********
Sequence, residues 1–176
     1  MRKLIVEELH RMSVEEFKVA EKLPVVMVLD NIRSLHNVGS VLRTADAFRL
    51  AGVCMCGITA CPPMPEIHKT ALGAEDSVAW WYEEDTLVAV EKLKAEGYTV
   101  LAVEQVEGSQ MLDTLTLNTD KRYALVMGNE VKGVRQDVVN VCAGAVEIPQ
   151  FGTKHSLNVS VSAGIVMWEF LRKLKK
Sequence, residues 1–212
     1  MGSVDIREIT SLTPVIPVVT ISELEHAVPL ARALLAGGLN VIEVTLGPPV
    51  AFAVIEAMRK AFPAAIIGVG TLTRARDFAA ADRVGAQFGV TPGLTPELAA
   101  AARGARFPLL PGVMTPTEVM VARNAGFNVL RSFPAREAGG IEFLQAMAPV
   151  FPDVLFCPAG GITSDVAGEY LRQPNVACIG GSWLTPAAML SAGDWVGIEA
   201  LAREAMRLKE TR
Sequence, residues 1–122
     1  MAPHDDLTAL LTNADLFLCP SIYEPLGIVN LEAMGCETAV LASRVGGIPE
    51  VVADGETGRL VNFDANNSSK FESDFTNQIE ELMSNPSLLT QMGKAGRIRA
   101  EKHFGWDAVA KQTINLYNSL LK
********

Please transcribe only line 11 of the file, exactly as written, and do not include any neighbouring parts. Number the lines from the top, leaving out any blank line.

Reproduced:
   201  LAREAMRLKE TR